In Defence of Peace
The Siege of Jadotville
By James Durney
Published in Winter 2016 edition
The United Nations Operation in the Congo (Opération des Nations Unies au Congo, or ONUC), was established in July 1960. Ireland was one of the first countries to contribute peacekeepers to the mission. In June 1961, the Irish Defence Forces’ 35th Infantry Battalion deployed to the Congo.
The Situation in Congo Deteriorates
By early August 1961, with a functioning government and parliament established, it was time to end Katanga’s secession from the Congo. Operation Rumpunch was designed to take into custody and repatriate European Gendarmerie officers and mercenaries. It began with a raid on Gendarmerie headquarters in Élisabethville by Irish troops and simultaneous raids and arrests by other United Nations (UN) forces. At this time there was 400 foreign mercenaries and advisers still in Katanga, mostly in the south of the country, protecting the Union Minière du Haut Katanga (mining union of Katanga) operations.
On the morning of 28 August, UN forces began apprehending European officers in Élisabethville and in the North Katangan centres. At the same time the UN also occupied the premises of the post office and radio and set a guard, comprising of Irish troops, around Katanga’s Minister of the Interior, Godefroid Munongo Mwenda’s villa. UN representatives, including Dr. Conor Cruise O’Brien, Ireland’s special representative to Dag Hammarskjöld, Secretary General of the UN, met the Katangan government and received the answer that President Moïse Tshombe was willing to give full co-operation, to dismiss all the foreign officers. Tshombe then broadcasted a statement, free from complaint or hostility, in which he said that he bowed to the UN decision and that ‘all foreign officers were dismissed from service and must leave Katanga’.
By 8 September, 273 foreign mercenaries had been repatriated, while another 65 were waiting to go. However, another 104 were unaccounted for. With their replacement in the Gendarmerie by African officers a revolt by the Gendarmerie against the Tshombe regime was quite possible. An African mutiny would possibly take an anti-European turn and UN troops were requested to protect white populations in the Katanga mining belt. There were 32,000 Europeans in Katanga. Few of them owned land, or their own businesses’ and most worked for one of the great companies of the Union Minière or for economically subsidiary enterprises like the Simba Brewery.
Meanwhile, the Katangan Government began a propaganda campaign against the UN. Katanga Radio accused UN troops of rape and pillage in Élisabethville, while the Union Minière announced publicly that it was ready to repatriate European women and children if that became necessary ‘as a result of the activities of the UN’. President Tshombe announced a UN plot to arrest him, disarm the Gendarmerie and send in the Congolese army. Demonstrations against the UN began with troops being stoned, mainly by youths organised by the Gendarmerie.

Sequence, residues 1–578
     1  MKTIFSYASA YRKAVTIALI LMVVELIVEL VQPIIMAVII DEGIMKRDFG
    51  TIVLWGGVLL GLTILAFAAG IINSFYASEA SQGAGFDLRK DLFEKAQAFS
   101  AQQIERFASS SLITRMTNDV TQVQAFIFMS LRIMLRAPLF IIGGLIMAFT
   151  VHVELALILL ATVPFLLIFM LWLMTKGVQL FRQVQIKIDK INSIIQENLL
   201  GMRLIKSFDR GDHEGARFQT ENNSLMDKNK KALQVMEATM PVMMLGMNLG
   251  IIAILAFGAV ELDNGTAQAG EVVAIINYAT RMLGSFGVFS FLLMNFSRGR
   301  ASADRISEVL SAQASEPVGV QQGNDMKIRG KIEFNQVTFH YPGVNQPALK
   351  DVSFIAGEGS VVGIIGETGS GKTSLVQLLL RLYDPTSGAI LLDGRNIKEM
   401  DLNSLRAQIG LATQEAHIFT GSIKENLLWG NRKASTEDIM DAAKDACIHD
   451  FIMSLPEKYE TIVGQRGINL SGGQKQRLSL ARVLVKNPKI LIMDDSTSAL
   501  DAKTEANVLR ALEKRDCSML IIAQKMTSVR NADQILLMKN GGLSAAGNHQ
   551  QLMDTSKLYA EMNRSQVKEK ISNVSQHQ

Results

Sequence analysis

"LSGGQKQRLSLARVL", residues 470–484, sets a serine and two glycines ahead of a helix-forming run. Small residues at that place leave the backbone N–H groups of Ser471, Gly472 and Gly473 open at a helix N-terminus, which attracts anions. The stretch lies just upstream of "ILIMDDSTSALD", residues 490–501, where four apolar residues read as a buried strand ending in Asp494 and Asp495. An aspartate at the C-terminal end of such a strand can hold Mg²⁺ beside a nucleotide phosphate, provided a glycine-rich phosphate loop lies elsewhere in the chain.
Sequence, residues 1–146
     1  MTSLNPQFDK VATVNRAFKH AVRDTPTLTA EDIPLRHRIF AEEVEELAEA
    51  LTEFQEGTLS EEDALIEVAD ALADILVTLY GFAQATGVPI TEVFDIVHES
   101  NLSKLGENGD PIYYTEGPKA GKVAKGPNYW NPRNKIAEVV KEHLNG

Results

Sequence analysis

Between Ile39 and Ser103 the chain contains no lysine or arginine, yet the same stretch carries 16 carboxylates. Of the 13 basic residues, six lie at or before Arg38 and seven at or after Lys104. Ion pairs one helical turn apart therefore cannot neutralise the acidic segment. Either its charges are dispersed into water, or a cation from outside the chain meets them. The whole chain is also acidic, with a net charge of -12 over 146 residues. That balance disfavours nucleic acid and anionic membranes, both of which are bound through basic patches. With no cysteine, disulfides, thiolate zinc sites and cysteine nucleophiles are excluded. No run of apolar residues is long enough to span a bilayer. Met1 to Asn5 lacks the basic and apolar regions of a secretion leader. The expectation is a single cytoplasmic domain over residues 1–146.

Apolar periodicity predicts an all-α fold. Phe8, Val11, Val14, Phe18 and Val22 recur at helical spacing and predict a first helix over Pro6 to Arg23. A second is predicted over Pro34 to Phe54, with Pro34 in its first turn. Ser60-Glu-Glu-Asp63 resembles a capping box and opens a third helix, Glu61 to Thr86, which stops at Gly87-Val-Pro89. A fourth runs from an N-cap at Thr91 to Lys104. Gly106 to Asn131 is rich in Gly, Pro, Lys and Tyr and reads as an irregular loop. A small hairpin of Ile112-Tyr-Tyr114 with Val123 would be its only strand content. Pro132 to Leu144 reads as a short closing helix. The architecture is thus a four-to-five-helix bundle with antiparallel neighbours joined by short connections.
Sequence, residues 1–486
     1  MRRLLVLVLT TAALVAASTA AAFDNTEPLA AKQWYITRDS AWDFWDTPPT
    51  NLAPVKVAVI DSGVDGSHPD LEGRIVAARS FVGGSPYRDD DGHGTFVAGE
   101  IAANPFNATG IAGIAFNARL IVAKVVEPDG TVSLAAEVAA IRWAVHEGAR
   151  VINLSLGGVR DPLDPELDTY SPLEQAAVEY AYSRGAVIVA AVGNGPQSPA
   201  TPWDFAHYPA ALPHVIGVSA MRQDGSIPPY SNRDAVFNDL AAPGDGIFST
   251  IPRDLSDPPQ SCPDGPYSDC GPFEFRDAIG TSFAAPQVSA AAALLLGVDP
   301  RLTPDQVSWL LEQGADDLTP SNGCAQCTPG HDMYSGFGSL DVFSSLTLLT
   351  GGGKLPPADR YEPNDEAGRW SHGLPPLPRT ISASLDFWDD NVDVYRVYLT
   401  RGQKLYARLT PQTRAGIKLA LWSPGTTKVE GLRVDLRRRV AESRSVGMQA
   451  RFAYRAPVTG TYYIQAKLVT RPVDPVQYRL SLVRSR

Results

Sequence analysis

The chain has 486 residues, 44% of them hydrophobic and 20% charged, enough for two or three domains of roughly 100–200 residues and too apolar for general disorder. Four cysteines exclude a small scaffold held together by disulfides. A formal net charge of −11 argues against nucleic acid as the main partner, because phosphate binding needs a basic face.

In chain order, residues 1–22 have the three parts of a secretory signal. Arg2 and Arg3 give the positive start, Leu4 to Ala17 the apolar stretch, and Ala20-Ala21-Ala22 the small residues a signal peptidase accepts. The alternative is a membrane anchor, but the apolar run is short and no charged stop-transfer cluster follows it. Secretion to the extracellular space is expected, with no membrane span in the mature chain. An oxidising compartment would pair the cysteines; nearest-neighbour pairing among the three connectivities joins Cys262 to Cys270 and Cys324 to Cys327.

A Company Deploys
It was into this flashpoint that, on 11 September, the 155 strong A Company, 35th Battalion, arrived into the sprawling mining town of Jadotville. This number also included two Thompson Ford Mark VI armoured cars under the command of Lieutenant Kevin Knightly. The Irish were replacing a 300-strong Swedish force who had been openly informed by the European population that they were not wanted. The Swedish commander sensing his isolation and precarious position withdrew on ½ September. As the Swedes had ostensibly withdrew without orders ONUC needed to save face and a new force had to be assembled to protect the white population in the town from an allegedly growing threat from the local populace. The only unit available was A Company.
Initially, A Company were well received, but the situation changed when the Gendarmerie staged a mock attack and advance up to the Irish lines before being recalled. A Company commanding officer, Commandant Patrick Quinlan, ordered his men to hastily dig five-foot deep trenches around their encampment on the outskirts of the town. Soon A Company found itself surrounded by hundreds of Katangese, their Belgian advisers and a contingent of French mercenaries who drove around the camp in jeeps pointing their mounted machine guns at them.
Jadotville veteran Pat Dunleavey (Then a Private), from Mullingar, said: ‘We were billeted in disused galvanised houses and tents around an abandoned disused garage with pumps and a forecourt. Commandant Quinlan visited Jadotville to meet the mayor and quickly saw the hostility towards the UN. On return he called his platoon officers together and briefed them on the situation. He patrolled the area and ordered us to dig trenches in strategic areas. The ground here was as hard as concrete. Commandant Quinlan was called in again to Jadotville and threatened that if we did not move out and back to Élisabethville hostilities would erupt. He called a conference that night and told the men of the company’s situation’.